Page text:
Wednesday 25 October 2017



'Engaging and enjoyable. A must read for soldiers and civilians.' - Damien Lewis.

Killing comes easy to Michael Devlin, a soldier turned assassin.

When he murders Martin Pound, a corrupt politician, he considers it to be just another job.
His days are spent drinking, reading and visiting his late wife's grave. Devlin has nothing to live for.

Then he meets Emma, "a good Catholic girl". Everyone deserves a second chance.
But the hunter is about to become the hunted.

The Parker brothers, the criminal family who put the hit out on the politician, want to tie-up loose ends.

Devlin must kill or be killed.

Nothing To Lose is a literary thriller, set in South London. Thomas Waugh has created a hero (or anti-hero) who will seem human to some readers and inhuman to others. You decide.

Praise for Nothing To Lose:

’Graham Greene meets David Baldacci... Nothing To Lose is philosophical, satirical and, most importantly, gripping. For lovers of thriller writing and literary fiction alike.’ Matt Lynn

'A gripping thriller, elegantly told. A complex plot, deftly handled. And a narrative that puts the city of London, with its wealth and poverty, goodness and evil, at the heart of the story.' - Alison Joseph.

I do have a certain fondness for hitmen novels and Thomas Waugh’s Michael Devlin is another welcome addition to the band of merry killers for hire that populate my reading shelves ……. Lawrence Block’s Keller, Loren D. Estleman’s Peter Macklin and Quarry from Max Allan Collins. I’m sure there are others in addition that elude me at the minute – further recommendations welcomed.

Nothing to Lose is a shortish outing for Devlin at 94 pages long and it was a blast.

Devlin is ex-army and gets his jobs through former comrade and friend, Oliver Porter. Porter, the fixer has Devlin clip a Tory MP. The MP had gambling debts and was threatening to expose his creditors to the authorities unless they wrote his debt off.  The Parker brothers – the gangsters that he owed the money to - have a better idea and have ordered a hit.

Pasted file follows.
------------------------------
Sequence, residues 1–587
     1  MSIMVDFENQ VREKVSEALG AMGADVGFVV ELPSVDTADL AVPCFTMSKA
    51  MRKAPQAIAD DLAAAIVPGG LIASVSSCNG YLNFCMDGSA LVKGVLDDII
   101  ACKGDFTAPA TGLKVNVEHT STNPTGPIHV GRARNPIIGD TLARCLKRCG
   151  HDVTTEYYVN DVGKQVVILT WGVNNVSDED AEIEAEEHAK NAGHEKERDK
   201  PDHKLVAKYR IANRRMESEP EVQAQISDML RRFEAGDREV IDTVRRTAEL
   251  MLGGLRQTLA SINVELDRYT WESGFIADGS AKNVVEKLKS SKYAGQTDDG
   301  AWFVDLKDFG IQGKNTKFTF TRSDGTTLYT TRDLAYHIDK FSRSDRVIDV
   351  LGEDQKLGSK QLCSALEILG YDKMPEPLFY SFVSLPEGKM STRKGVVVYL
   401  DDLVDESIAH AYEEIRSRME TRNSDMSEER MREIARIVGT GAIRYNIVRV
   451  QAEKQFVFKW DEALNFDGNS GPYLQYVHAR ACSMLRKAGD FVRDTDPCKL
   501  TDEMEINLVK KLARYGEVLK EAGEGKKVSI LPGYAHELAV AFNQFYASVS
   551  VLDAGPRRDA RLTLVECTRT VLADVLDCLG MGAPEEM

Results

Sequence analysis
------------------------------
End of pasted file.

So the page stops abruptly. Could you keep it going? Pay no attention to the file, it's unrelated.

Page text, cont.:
Mission accomplished but it might come back to bite the brothers on the bum. The victim’s merry widow is creating a song and dance in the media and the Parker brothers want to avoid scrutiny of their dealings with the MP. Porter and his gunman will have to go.

The Parker’s are capable, but Porter and Devlin might be a little bit more difficult to remove than the twosome imagine.

High-brow literature this isn’t but with a fast pace, an interesting main character and a fair bit of action, it’s just the kind of book I could happily read until the cows come home.

Waugh gives us plenty of back story for the widowed Devlin. He’s still grieving for his wife, I don’t think it’s specified how many years previously she passed but he is obsessively faithful to her memory – to the extent of refusing to countenance any future romantic entanglement with a new woman. Emma, the attractive Irish florist and his casual drinks partner may put that vow to the test. Our ice-man may just be thawing.

Decent mix of the personal in with the plot, enough of both to make this a series I’ll be keen to continue with. Fortunately for me, Thomas Waugh has already penned a further two books with Michael Devlin as a lead – Darkness Visible and Ready for Anything. Good reading times ahead!

4.5 from 5  

According to publisher, Endeavour Press - Thomas Waugh is the pseudonym of a bestselling historical novelist. 

A Google search has Fantastic Fiction suggesting Waugh might be Damien Lewis “a war correspondent and thriller writer.” 

I'd quite like for it to be Lewis, as I like the idea of him hat-tipping his own books. Beat your own drum man, because there's plenty to be proud of.

Read in October, 2017
Published – 2016
Page count – 94
Source – purchased copy

Format - Kindle


  1. There've been a few books featuring hitmen, Col, that I've liked. It may not be my usual fare, but it can work. And I'm glad it worked for you, here.

    1. Margot, agreed probably not your usual read, but there's a lot to like here (and probably Block's Keller might be another one for you to enjoy, if he isn't one you've sampled already). Cheers!

  2. Col – Thanks for the review. I want to read it.

  3. All right, you convinced me on this one. I bought a copy but who knows when I will have time to read it.

  4. Figure I can just about squeeze in a Kindle Single about a hitman, so onto the device it goes:)
    Just finished last book in Craig Russell Lennox series - really enjoyed first four & recommend (laconic, war-damaged PI/chancer in gangland Glasgow), the final one was a bit drawn out for me.

    1. I hope you enjoy it. I think I have Lennox on the pile, but its been submerged under a lot of other stuff.